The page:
“Americanah” is one of the best books I’ve ever read and it’s written by one of our own, Chimamanda Ngozi Adichie. It’s an awesome book of great impact and importance.

This book is about the African diasporic experience in the USA and England, woven around the love story between Ifemelu and Obinze, teenagers attending a Nigerian university who have to leave the country because of the university strikes in Nigeria (I’m sure you Akokites can understand). Ifemelu moves to the United States, where she attends an American university and starts a blog dealing with race issues in America, while Obinze moves to England and ends up becoming an illegal immigrant.

The book brings up the controversial issues of race and immigration in the Untied States. The difference between being black in Africa and being black in the States is brought up as Adichie is very aware at the subtleties between cultures. An example is people’s pity when they realize you’re African, and their need to talk about their charitable donations to the continent . I’m sure a few of you that have traveled out can relate with this embarrassing ordeal:

“Ifemelu wanted, suddenly and desperately, to be from the country of people who gave and not those who received, to be one of those who had and could therefore bask in the grace of having given, to be among those who could afford copious pity and empathy.”

Being a recently-turned afro-ganger (I’m still hoping on my lowcut to grow lol), I was pleased about Adichie bringing up the topic of natural hair:

“I have natural kinky hair. Worn in cornrows, Afros, braids. No, it’s not political. No, I am not an artist or poet or singer. Not an earth mother either. I just don’t want relaxers in my hair…By the way, can we ban Afro wigs at Halloween? Afro is not costume, for God’s sake.”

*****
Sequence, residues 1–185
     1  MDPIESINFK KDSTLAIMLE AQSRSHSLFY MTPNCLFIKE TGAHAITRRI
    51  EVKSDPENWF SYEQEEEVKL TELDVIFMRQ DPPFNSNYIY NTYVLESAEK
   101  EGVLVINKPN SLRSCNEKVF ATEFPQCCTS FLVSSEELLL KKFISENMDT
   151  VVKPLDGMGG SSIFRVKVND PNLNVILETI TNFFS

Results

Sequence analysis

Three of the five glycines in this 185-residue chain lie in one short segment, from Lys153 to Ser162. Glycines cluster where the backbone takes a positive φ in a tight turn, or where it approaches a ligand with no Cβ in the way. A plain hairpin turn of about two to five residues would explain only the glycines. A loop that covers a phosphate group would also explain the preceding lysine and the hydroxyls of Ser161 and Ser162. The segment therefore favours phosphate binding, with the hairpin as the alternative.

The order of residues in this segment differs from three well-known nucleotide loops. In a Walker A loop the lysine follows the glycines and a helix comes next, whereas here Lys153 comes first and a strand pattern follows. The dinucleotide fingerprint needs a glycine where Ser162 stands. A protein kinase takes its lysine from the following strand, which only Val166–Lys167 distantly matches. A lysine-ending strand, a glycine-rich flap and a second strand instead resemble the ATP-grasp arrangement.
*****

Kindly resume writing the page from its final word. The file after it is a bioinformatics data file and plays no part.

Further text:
That part made me laugh.

I also loved the fact that Adichie talked about Africans deciding to return to Africa after having lived abroad. This is something that happens with impunity, Africans hurrying to go to US or England (the supposed paradise) and then not finding satisfaction there because they’re disconnected from their roots:
“And yet there was cement in her soul. It had been there for a while, an early morning disease of fatigue, a bleakness, a borderlessness. It brought with it amorphous longings, shapeless desires, brief imaginary glints of other lives she had lived.”

Perhaps contrary to popular belief, not all Africans in the diaspora are running from Africa in search of the golden fleece; many have questioned what they are doing abroad in the first place and want to move back home. What most people don’t realize is that Africa is growing and developing and that people might actually be happy to live here.
I love books that tell a story but are still very much in tune with the present situation. Americanah captured beautifully well the life of a Nigerian and I’m sure anyone who picks it up can relate to it as controversial issues some writers shy away from are audaciously discussed.
I highly recommend this book! 🙂

IMG 20160118 082514  Adeyemi Christianah from the Law Class of “17 enjoys writing, reading and photography…(and eating). She loves the idea that with books, one can live in another reality and encourages everyone to pick up a book today!

 
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Posted by on February 2, 2016 in Book Reviews